The `heemod`

package provides a number of ways to estimate transition probabilities from survival distributions. Survival distributions can come from at least three different sources:

- User-defined parametric distributions with
`define_surv_dist()`

or`define_surv_spline()`

. - Fitted survival models with a Kaplan-Meier estimator or parametric distributions with
`define_surv_fit()`

- Survival Tables with
`define_surv_table()`

Once defined, each of these types of distributions can be combined and modified using a standard set of operations.

User-defined parametric distributions are created using the `define_surv_dist()`

and `define_surv_spline()`

functions:

```
<- define_surv_dist(
surv_dist_1 distribution = "exp",
rate = .5
)
<- define_surv_spline(
surv_dist_2 scale = "odds",
gamma = c(-11.643, 1.843, 0.208),
knots = c(4.077537, 5.883183, 6.458338)
)
```

`## Loading required namespace: flexsurv`

Fitted Kaplan-Meier curves are created using `survival::survfit()`

wrapped into `define_surv_fit()`

`library(flexsurv)`

`## Loading required package: survival`

```
<- flexsurvreg(
fit_w formula = Surv(futime, fustat) ~ 1,
data = ovarian, dist = "weibull"
|>
) define_surv_fit()
plot(fit_w)
```

```
<- flexsurvspline(
fit_spl formula = Surv(futime, fustat) ~ 1,
data = ovarian,
scale = "odds",
k=1
|>
) define_surv_fit()
plot(fit_spl)
```

Fitted models can include covariates. In order to use a model with covariates in heemod, you can use the `set_covariates()`

function on the fitted model and provide as additional arguments the covariate values you want to model. You can also provide a data frame of covariate levels to aggregate survival probabilities over different groups. By default, heemod will aggregate over predicted survival probabilities for each subject in the dataset to which the model was fit.

```
<- flexsurvreg(
fit_cov formula = Surv(rectime, censrec) ~ group,
dist = "weibull",
data = bc
|>
)define_surv_fit()
plot(fit_cov)
```

`## No covariates provided, returning aggregate survival across all subjects.`

```
<- set_covariates(fit_cov, group = "Good")
fitcov_good <- set_covariates(fit_cov, group = "Medium")
fitcov_medium <- set_covariates(fit_cov, group = "Poor") fitcov_poor
```

Similar functionality is also available for fitted parametric models created using `flexsurv::flexsurvreg()`

and `flexsurv::flexsurvspline()`

wrapped into `define_surv_fit()`

```
library(survival)
<- survfit(
km_1 formula = Surv(futime, fustat) ~ 1,
data = ovarian
|>
) define_surv_fit()
<- survfit(
km_cov formula = Surv(rectime, censrec) ~ group,
data = bc
|>
) define_surv_fit()
plot(km_cov)
```

`## No covariates provided, returning aggregate survival across all subjects.`

```
<- set_covariates(km_cov, group = "Good")
km_good <- set_covariates(km_cov, group = "Medium")
km_medium <- set_covariates(km_cov, group = "Poor") km_poor
```

Once defined, treatment effects of various types can be applied to any survival distribution:

- Hazard ratio:
`apply_hr()`

. - Odds ratio:
`apply_or()`

. - Acceleration factor:
`apply_af()`

.

```
<- apply_hr(km_poor, hr = 0.5)
km_poor_ph <- apply_af(km_medium, af = 1.2) km_medium_af
```

In addition, distributions can be combined using a variety of operations:

- Join survival distributions together:
`join()`

. - Mix two (or more) survival distributions:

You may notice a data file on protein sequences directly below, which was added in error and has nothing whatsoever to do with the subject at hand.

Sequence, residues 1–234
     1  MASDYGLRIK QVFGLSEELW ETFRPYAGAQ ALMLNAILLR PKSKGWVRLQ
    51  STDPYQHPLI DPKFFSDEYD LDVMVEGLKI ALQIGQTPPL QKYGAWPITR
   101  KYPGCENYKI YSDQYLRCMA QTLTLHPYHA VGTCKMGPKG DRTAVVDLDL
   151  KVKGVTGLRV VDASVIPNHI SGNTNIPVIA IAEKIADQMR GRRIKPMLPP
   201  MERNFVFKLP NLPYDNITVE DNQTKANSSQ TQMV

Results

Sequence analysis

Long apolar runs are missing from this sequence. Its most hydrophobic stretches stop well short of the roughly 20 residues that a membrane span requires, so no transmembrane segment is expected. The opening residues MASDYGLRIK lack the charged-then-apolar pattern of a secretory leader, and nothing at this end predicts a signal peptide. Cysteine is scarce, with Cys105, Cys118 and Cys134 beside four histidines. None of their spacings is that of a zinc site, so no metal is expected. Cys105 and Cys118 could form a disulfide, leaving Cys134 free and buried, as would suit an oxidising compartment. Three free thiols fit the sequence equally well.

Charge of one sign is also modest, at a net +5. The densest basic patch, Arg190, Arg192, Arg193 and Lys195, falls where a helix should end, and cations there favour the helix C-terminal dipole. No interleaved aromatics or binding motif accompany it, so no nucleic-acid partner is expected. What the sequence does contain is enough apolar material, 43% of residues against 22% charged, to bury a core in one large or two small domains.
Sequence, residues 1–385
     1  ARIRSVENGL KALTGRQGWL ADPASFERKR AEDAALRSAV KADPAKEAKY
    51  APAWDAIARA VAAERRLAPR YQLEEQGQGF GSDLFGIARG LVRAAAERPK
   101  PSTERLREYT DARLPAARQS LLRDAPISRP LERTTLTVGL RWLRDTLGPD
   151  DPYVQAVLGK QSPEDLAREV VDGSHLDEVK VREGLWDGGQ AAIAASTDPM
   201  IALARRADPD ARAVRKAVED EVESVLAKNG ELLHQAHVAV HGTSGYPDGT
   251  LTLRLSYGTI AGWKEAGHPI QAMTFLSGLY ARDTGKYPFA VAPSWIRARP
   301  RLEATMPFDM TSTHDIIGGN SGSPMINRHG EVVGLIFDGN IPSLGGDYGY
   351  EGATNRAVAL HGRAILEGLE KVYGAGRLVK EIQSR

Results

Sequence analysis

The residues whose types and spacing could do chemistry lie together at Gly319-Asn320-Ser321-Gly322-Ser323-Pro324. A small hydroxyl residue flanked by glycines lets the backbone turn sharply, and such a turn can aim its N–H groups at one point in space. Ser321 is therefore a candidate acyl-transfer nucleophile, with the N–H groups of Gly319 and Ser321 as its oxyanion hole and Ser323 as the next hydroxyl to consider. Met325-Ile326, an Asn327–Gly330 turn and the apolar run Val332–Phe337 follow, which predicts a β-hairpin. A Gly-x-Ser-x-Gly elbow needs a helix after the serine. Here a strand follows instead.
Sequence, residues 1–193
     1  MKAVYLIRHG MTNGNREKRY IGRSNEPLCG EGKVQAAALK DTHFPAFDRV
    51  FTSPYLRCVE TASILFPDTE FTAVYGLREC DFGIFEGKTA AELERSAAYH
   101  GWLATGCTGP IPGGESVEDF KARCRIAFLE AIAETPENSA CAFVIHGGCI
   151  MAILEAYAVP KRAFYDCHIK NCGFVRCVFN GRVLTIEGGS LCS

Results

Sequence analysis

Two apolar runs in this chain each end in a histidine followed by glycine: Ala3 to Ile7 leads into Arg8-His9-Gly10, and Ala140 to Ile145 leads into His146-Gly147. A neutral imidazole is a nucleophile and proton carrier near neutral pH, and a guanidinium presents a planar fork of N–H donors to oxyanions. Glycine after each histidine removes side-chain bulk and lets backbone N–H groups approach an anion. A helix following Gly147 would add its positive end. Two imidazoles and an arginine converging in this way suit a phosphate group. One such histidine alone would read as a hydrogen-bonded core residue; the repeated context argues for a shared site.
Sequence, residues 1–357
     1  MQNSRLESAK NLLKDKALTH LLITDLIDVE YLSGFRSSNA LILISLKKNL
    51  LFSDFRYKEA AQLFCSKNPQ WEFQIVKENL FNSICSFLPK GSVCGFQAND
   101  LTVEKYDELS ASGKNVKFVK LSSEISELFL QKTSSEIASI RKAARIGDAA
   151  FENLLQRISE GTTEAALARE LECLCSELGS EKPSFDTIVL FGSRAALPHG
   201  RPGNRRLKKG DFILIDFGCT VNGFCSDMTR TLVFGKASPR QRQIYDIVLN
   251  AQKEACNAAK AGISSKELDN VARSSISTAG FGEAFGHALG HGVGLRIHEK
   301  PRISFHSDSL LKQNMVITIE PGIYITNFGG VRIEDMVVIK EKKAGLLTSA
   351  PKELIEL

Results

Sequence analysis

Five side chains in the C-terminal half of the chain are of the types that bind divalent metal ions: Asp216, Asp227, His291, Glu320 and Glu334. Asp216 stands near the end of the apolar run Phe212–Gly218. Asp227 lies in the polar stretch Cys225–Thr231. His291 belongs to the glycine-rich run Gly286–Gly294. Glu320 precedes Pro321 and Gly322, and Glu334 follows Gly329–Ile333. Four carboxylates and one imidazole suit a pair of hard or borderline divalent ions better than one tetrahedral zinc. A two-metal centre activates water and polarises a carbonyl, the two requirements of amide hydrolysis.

`mix()`

. - Combine two (or more) survival distributions as independent risks:
`add_hazards()`

.

```
<- join(
km_poor_join
km_poor,
fitcov_poor,at = 365
)<- mix(
models_all
fitcov_good, fitcov_medium, fitcov_poor,weights = c(0.25, 0.25, 0.5)
)<- add_hazards(
combined_risks
fit_w, fitcov_good )
```

The transition or survival probabilities are computed with `compute_surv()`

. Time (usually `model_time`

or `state_time`

) needs to be passed to the function as a `time`

argument.

`compute_surv(surv_dist_2, time = 1:5)`

`## [1] 8.780223e-06 2.271877e-05 3.500128e-05 4.649850e-05 5.747782e-05`

All these operations can be chained with the `|>`

pipe operator.

```
|>
fit_cov set_covariates(group = "Good") |>
apply_hr(hr = 2) |>
join(
fitcov_poor,at = 3
|>
) mix(
fitcov_medium,weights = c(0.25, 0.75)
|>
) add_hazards(
fit_w|>
) compute_surv(time = 1:5)
```

`## [1] 0.0004011356 0.0004736851 0.0005069766 0.0005490092 0.0005692261`

For the example we define a simple model with only 1 strategy.

```
<- define_parameters(
param p1 = compute_surv(
surv_dist_1,time = model_time # can also be state_time
),p2 = km_1 |>
join(fit_w, at = 730) |>
compute_surv(
time = model_time,
cycle_length = 365 # time is in days in km_medium, in years in model_time
)
)
<- define_transition(
tm - p2, p2,
C, p1 0, C, p2,
0, 0, C
)
```

`## No named state -> generating names.`

`plot(tm)`

```
<- define_state(
sA cost = 10, ut = 1
)<- define_state(
sB cost = 20, ut = .5
)<- define_state(
sC cost = 0, ut = 0
)
<- define_strategy(
stratTM transition = tm,
A = sA, B = sB, C = sC
)
<- run_model(
resTM parameters = param,
stratTM,cycles = 15,
cost = cost, effect = ut
)
```

`## No named model -> generating names.`

```
## No covariates provided, returning aggregate survival across all subjects.
## No covariates provided, returning aggregate survival across all subjects.
```

`plot(resTM)`

A partitioned survival model can also be computed:

```
<- define_part_surv(
ps pfs = surv_dist_1,
os = km_1 |>
join(fit_w, at = 730),
cycle_length = c(1, 365) # 1 for pfs, 365 for os
)
```

`## No named state -> generating names.`

```
<- define_strategy(
stratPS transition = ps,
A = sA, B = sB, C = sC
)
<- run_model(
resPS
stratPS,cycles = 15,
cost = cost, effect = ut
)
```

`## No named model -> generating names.`

```
## No covariates provided, returning aggregate survival across all subjects.
## No covariates provided, returning aggregate survival across all subjects.
```

`plot(resPS)`